Think about the last time you sat on a floor for an extended period of time.  If you’re over the age of 30, I’m guessing it didn’t feel so good after awhile. Same goes with your aging dog.

How many beds should a dog have? The more options, the better. For more information about how much sleep an older dog needs, CLICK HERE How Much Sleep for Senior Dogs? 

If you’re interested in learning which design of dog bed (bolster vs. elevated. vs. flat mat) is suited for your dog you can read this article when time allows: Dog Bed Designs.

And here are some related questions regarding dog beds.  They don’t require an entire article but are somewhat related and worth covering.

Related Questions

How to stop my Dog from Lying in front of the stairs?  Does your dog sleep at the top or bottom or stairs? You’re not alone!  Having a big dog sprawled out in front of a set of stairs can be a dangerous predicament for humans who are trying to use the staircase without injury.   

If this is happening in your household, a well-placed dog bed might just alleviate the danger.  Often times, placing a cushy bed off to the side will be a welcome addition and your dog will happily oblige moving to the bed, thereby freeing up the bottom or top of the stairs.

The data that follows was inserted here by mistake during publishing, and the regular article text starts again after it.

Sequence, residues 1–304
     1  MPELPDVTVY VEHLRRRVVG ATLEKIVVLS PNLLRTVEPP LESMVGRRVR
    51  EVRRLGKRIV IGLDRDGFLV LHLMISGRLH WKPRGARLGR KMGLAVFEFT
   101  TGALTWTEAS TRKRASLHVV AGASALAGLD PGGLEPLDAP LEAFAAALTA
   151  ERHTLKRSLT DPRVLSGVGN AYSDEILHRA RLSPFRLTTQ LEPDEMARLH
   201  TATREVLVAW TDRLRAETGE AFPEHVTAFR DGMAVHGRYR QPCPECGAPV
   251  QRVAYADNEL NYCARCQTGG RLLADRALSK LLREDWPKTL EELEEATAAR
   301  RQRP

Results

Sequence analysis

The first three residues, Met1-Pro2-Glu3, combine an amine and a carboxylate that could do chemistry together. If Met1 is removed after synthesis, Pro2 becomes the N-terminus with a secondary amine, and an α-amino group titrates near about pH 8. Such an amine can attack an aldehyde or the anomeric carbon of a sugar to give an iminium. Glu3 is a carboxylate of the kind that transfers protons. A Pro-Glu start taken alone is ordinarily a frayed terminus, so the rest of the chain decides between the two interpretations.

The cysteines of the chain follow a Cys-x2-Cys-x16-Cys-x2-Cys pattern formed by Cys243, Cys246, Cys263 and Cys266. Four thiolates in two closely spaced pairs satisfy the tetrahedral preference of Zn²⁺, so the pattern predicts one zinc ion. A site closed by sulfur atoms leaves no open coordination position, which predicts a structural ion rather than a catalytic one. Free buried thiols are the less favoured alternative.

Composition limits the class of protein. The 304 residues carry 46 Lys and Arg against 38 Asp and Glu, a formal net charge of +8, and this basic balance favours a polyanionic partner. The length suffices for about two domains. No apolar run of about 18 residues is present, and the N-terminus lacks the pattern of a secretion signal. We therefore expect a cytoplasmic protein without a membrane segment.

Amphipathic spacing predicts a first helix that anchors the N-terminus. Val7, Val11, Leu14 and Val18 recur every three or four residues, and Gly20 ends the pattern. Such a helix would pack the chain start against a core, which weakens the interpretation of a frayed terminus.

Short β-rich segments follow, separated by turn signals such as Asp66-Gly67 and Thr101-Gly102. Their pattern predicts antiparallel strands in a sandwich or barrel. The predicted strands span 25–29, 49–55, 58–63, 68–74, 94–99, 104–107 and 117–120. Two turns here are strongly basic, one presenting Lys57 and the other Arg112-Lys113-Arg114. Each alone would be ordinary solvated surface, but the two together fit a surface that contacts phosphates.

If you’re dog rejects the bed, you’ll need to take a phased approach.  Place the dog bed where they lay in front of the stairs and then move the bed a foot away each day.  Your dog will learn to use the bed and in most cases, grow to prefer it to the cold, hard floor.

Why does my cat sleep in my dog’s bed?  Cat’s like warm, comfortable beds and they also like anything new.  If you’ve recently purchased a new bed for your dog, it’s very likely that cats will be naturally intrigued with the new addition. 

If this is happening in your home, you can usually rectify this by making a smaller, cozier bed for your cat nearby.  It doesn’t have to be a new bed.  A freshly laundered, fluffy or wooly blanket with the tiniest sprinkle of catnip should be enough to make your cat happy and keep her out of the dog’s new bed.